“While those in the Middle East may have committed wrongdoings by unduly making their oil expensive, the government is part of the mischief because they are piggybacking on it, they’re adding to the cost of expensive oil,” Roxas said.

Last Saturday, Roxas said the government must prepare a plan to meet the relentless assault of high fuel prices on the people’s purchasing power and livelihood.

He attributed the 14-year-high inflation rate the country is currently experiencing not on the “overheating” of internal economic activity but on the adverse effects of global oil and rice price shocks.

Legarda said the skyrocketing prices of food and fuel had undoubtedly caused the inflation rate to leapfrog to double-digit levels. She noted though this was not surprising since the Philippines “is the world’s biggest importer of rice” and highly dependent on imported oil.

She said the government should increase investments in technology to help the country become less dependent on imported oil.

She said investments in agriculture should be harnessed to help increase local rice production at lower costs.

Legarda added these two proposals would in effect address two of the root causes of inflation.

Government expects P10.5-B additional revenues due to inflation By Iris C. Gonzales Monday, July 7, 2008

The government expects at least P10.5 billion in additional revenues this year as a result of soaring inflation in the country, computations from the Department of Finance showed.

Data showed that while the rise in prices has severely cut the purchasing power of consumers, every one percentage point increase in the projected inflation rate would translate to additional revenues of P10.5 billion.

This would mean a decrease in the government’s deficit level. On the other hand, a one percentage point decline in the projected inflation rate would mean a decline of P10.5 billion.

The government’s official 2008 inflation target is three to five percent but the central bank expects the average inflation rate to hit seven to nine percent this year. The average inflation rate has hit 7.6 percent as of end-June.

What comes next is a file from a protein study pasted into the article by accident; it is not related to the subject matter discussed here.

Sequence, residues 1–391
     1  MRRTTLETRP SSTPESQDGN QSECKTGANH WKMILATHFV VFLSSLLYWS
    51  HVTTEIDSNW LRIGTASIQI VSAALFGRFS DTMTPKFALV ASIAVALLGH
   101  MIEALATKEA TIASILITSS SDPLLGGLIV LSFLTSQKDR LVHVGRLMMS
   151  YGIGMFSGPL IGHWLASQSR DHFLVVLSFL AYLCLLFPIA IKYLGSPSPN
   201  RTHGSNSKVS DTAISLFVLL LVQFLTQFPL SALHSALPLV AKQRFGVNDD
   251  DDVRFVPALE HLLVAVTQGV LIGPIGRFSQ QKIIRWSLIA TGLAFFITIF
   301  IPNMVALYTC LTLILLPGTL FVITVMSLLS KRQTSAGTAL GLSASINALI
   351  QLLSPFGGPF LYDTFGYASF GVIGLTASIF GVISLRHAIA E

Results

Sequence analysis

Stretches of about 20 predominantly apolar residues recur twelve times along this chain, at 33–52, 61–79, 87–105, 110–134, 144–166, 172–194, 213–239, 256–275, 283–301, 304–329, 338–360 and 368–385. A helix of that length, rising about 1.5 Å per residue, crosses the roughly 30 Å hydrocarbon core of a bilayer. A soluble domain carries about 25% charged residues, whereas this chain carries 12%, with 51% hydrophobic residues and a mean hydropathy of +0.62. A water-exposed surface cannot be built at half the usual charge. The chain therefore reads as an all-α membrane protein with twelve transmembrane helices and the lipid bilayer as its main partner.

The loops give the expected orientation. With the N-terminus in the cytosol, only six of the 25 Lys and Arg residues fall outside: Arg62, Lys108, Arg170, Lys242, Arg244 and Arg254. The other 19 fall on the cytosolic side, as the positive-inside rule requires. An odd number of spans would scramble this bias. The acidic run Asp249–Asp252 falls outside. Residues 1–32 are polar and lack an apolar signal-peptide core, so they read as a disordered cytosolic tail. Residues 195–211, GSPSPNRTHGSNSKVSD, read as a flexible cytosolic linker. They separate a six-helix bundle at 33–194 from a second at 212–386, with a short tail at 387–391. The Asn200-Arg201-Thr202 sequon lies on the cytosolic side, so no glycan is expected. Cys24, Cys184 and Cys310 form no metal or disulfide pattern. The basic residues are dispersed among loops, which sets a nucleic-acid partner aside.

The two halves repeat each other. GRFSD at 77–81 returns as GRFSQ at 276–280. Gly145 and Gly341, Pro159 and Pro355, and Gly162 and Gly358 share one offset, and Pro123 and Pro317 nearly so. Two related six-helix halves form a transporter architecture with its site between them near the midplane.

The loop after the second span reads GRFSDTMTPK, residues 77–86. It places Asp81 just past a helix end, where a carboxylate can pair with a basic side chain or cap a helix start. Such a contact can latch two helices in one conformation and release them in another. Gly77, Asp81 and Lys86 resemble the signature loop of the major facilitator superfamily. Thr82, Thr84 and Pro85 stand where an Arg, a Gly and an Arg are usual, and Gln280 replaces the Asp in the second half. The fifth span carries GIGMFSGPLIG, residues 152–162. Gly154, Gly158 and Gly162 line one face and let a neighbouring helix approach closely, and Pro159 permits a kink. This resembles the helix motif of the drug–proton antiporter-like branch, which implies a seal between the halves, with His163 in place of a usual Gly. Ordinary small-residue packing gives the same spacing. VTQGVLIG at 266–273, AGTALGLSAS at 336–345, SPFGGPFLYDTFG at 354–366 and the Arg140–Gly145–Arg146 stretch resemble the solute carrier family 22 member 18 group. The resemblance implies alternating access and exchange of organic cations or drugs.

Inflation, or the rise in prices of consumer goods, rose to 11.4 percent in June, above the 9.6 percent in May and the 8.3 percent recorded in April, according to the latest data from the National Statistics Office. The increase is due to skyrocketing oil prices.

This early, the National Government expects a narrower-than-programmed budget deficit in the first half of the year partly due to higher-than-expected inflation.

The finance department has a programmed deficit in the first half of the year of P41 billion.

As of end-May, the government was able to contain the budget deficit at P18.8 billion as total revenues for the period amounted to P482.4 billion and expenditures stood at P501.2 billion. This is better than the P41.8-billion deficit posted in the same period last year.

Of the total revenues, the Bureau of Internal Revenue (BIR) collected P335.7 billion, up 17.5 percent year-on-year from the P285.6 billion recorded in the same period last year while Bureau of Customs (BOC) revenues increased by 22.9 percent to P92.1 billion from P72 billion collected in the same period last year.

In May alone, the government posted a budget surplus of P7 billion, its highest May surplus since 1986, due largely to an improvement in tax collection and lower spending. This is marked turnaround from the P1.7-billion deficit posted in the same month last year.

Total revenues rose to P106.9 billion in May or 13.5 percent higher than the P94.1 billion recorded during the same month last year while expenditures reached P99.9 billion, up by 4.1 percent from P95.9 billion recorded a year ago.

Of the total revenues, the BIR collected P77.7 billion, up 16.5 percent from the P66.7 billion collected in the same period last year. The BOC generated P21.5 billion in revenues, up by 22.8 percent from the P17.5 billion recorded a year ago.

However, despite the expected additional revenues from inflation, this is also expected to drastically cut the country’s economic growth this year.

The government expects GDP growth to slow this year to 5.7 percent to 6.5 percent from a previous forecast of 6.3 percent to seven percent.

Chief News Editor: Sol Jose Vanzi